The Tattooist of Auschwitz: A Novel

  • By Heather Morris
  • HarperCollins
  • 288 pp.

An improbable (but mostly true) tale of love in a Nazi death camp.

The Tattooist of Auschwitz: A Novel

In an interview with the Jewish Chronicle, Australian screenwriter Heather Morris recalled: “In December 2003, over a coffee with a friend, I learned about a man living in Melbourne, whose wife had recently died, and who just might have a story worth telling.”

That man was Lale Sokolov, upon whose story Morris based her bestselling debut novel, The Tattooist of Auschwitz, now available in the United States.

Morris’ telling of Sokolov’s story encountered obstacles: She drafted a screenplay first, but after four years, a local film production company couldn’t advance it. So she entered it in various competitions, receiving enough acclaim that she decided to reshape it as a novel. After a successful Kickstarter campaign caught the attention of a local publishing house, the rest, as they say, was history.

But there were other hurdles not as easily resolved.

The Tattooist of Auschwitz is the improbable love story of Sokolov and his wife, Gita, who met as prisoners at the infamous concentration camp on the day that Sokolov, chief tattooist at the camp, inked Gita’s arm with her identification number. A love story beginning with an act Sokolov himself calls “defiling” presented Morris with an immediate challenge, but so did Sokolov’s overall role in the camp, which haunted him still. As Morris relates in her author’s note:

“It took time before he was willing to embark on the deep self-scrutiny that parts of his story required…our lives became entwined as he shed the burden of guilt he had carried for more than fifty years, the fear that he and Gita might be seen as Nazi collaborators.”

Even today, hard questions arise about those perceived to have cooperated with their captors, questions echoed in a conversation the fictionalized Sokolov has with Pepan, the camp’s original tattooist, who saves Sokolov’s life and asks him to become his assistant:

“‘You want me to tattoo other men?’
“‘Someone has to do it.’
“‘I don’t think I could do that. Scar someone, hurt someone — it does hurt, you know.’
"Pepan pulls back his sleeve to reveal his own number. ‘It hurts like hell. If you don’t take the job, someone will who has less soul than you do, and he will hurt these people more.’”

Sokolov accepts Pepan’s request, though it takes him to “a dark place.” But as Morris reveals in dozens of unflinching, deeply moving scenes, it is in that place Sokolov’s soul shines brightest.

From his reluctant start, Sokolov uses the meager benefits of his new role not to bolster his own chances for survival, which he could have, but to attend to others — sharing his extra rations with fellow prisoners instead of keeping them for himself; saving “one man from hard labor, at least,” by requesting him as an assistant.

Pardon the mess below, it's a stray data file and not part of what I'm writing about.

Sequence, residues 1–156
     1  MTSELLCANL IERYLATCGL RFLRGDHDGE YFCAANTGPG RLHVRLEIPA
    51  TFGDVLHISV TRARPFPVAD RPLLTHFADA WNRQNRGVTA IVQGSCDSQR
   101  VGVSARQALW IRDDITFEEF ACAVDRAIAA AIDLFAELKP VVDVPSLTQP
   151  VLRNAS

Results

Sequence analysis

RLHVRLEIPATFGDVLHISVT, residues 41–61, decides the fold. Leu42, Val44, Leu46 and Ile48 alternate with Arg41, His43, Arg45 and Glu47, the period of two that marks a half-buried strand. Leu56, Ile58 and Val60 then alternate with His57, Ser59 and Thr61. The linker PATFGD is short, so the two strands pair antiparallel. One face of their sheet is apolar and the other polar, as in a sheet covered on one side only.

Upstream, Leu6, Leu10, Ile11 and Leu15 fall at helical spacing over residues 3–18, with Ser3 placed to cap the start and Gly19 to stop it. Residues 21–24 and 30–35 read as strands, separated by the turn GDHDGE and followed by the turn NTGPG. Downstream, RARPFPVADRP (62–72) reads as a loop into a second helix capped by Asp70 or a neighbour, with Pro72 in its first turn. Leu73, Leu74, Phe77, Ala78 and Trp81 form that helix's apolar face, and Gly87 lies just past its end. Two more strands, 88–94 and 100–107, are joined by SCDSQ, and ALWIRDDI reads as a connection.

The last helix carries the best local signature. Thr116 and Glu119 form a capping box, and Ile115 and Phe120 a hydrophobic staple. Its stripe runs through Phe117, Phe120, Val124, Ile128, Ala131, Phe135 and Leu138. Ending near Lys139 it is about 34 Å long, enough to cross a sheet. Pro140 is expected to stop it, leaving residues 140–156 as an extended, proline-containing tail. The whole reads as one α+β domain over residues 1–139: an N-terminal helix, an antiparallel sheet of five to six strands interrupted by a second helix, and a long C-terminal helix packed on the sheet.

As the camp expands and fills and Sokolov is asked to tattoo women and girls, he recoils, but Pepan reminds him that “he either follows the rules or risks death.” It is one of dozens of moments Morris includes that reminds the reader that the “normal” rules outside of the camps do not apply inside; as Gita tells Sokolov later in the book, “Outside doesn’t exist anymore. There’s only here.”

When Sokolov tattoos Gita’s arm, his life, whatever it may turn out to be, changes forever: “Her eyes, however, dance before him. As he looks into them, his heart seems simultaneously to stop and to begin beating for the first time, pounding, almost threatening to burst out of his chest.”

Until this moment, Morris makes clear, Sokolov has considered himself a survivor, concentrating only on the “how” of his existence. Now, in Gita, he understands the “why.”

Sokolov turns from perpetrating safer acts of quiet defiance to creating a thriving black market: He convinces the young women sorting inmates’ stolen and discarded possessions to pass some of the valuables to him. He gives these to civilian locals who, in turn, provide him with sausages, chocolates, and medicine, which he shares with others in greater need, but always with the end goal of keeping Gita safe.

The horrors build as the months pass, and Sokolov trades more and more on his privileged status to try to keep Gita alive, even as he continues to work to save those around him:

“‘I have never forgotten your kindness,’ Jakub says. ‘I was sure I would die of starvation the night I arrived here, and there you were to feed me.’”

Jakub, too, does what he must to survive, but when he is ordered to torture his fellow prisoner for information about the black market, his actions that day save Sokolov’s life in return.

It’s difficult to imagine, let alone hope, that a love story begun in such a place could have a happy ending. But by alternating the abject horror and brutality of the camps — even as much as readers may think they’ve heard the worst of it, these scenes still shock — with Sokolov and Gita’s achingly tender love story, Morris reminds the reader that humans are capable not only of great evil, but also great love. That is, indeed, a story worth telling.

Julia Tagliere is an award-winning writer and editor whose work has appeared in the Writer, the Bookends Review, Potomac Review, numerous anthologies, and the juried photography and prose collection Love + Lust. Winner of the 2015 William Faulkner Literary Competition for Best Short Story and the 2017 Writers Center Undiscovered Voices Fellowship, Julia resides in Maryland with her family, where she recently completed her M.A. in writing at Johns Hopkins University. She serves as an editor with the Baltimore Review and is working on her next novel, The Day the Music Didn’t Die.

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